# Probability Question from Frederick Mosteller, #7

#### barrelbowl

##### New Member
Hey all,

I'm trying to improve my probability skills so hopefully the questions I'm asking aren't too amateur-ish.

The following is a question from Frederick Mosteller's "Fifty Challenging Problems in Probability", #7 Curing the Compulsive Gambler.

A summary of the question is as follows:
• Gambler always plays \$1 on the number 13 in a game of American Roulette, which has 38 equally likely numbers
• Winner of roulette receives initial stake + \$35*initial stake, and loser is out initial stake
• Kind Friend wants to cure the Gambler and bets him \$20 at even money that he will be down at the end of 36 plays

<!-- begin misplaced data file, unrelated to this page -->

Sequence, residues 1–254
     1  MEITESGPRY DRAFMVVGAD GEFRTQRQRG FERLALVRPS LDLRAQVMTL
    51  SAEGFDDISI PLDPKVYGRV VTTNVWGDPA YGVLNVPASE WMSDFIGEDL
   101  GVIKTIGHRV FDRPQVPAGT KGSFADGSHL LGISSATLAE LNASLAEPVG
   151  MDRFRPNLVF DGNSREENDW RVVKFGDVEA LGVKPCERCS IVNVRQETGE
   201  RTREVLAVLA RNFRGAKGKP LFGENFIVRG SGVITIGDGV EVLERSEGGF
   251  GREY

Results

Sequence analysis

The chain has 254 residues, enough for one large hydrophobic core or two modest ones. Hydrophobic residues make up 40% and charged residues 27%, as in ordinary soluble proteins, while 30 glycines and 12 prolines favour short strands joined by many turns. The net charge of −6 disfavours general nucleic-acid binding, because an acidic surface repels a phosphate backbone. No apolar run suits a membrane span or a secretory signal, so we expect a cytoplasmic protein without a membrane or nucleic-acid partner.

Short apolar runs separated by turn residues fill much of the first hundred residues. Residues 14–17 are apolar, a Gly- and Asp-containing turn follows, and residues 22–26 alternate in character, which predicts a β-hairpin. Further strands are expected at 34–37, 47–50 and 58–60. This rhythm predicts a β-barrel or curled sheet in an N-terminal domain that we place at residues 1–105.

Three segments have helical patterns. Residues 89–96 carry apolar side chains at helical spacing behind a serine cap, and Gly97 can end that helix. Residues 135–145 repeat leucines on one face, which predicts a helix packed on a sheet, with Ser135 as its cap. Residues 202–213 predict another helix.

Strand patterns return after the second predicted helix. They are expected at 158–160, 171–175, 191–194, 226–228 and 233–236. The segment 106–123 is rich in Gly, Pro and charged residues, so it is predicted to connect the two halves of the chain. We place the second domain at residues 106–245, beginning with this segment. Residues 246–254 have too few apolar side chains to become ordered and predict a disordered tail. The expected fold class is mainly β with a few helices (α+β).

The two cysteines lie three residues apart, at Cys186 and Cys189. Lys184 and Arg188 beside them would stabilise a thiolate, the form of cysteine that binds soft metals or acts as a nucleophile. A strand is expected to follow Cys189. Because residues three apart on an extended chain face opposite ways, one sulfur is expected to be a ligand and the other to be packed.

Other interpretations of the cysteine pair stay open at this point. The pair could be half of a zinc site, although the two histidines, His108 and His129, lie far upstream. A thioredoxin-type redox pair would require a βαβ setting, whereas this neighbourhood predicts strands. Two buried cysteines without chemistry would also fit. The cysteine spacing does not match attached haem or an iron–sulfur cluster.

• How does this cure work?

So my difference with Mosteller is in calculating the expected value of the game. The game has an expected value of:

(\$35+\$1)*(1/38)-(\$1)*(37/38) = -\$1/38*(36 trials) = -\$36/38 is expected value at the end of 36 trials.

When Mosteller does his calculation he does not include the Gambler's original stake, so he does \$35*(1/38)-\$1(37/38)=-\$2/38*(36 trials) = =-\$72/38 at the end of 36 trials.

For the bet with his friend he loses \$20 if wins at least once during his 36 games, because he will break-even. So his expected winnings on his off-bet with his friend are...((37/38)^36)*\$20-(1-(37/38)^36)*\$20=\$4.65.

So he gets \$4.65-\$36/38=\$3.73 according to me at the end of 36 trials if he wins once, and \$4.65-\$72/38=\$2.79 according to Mosteller. Who is right and why?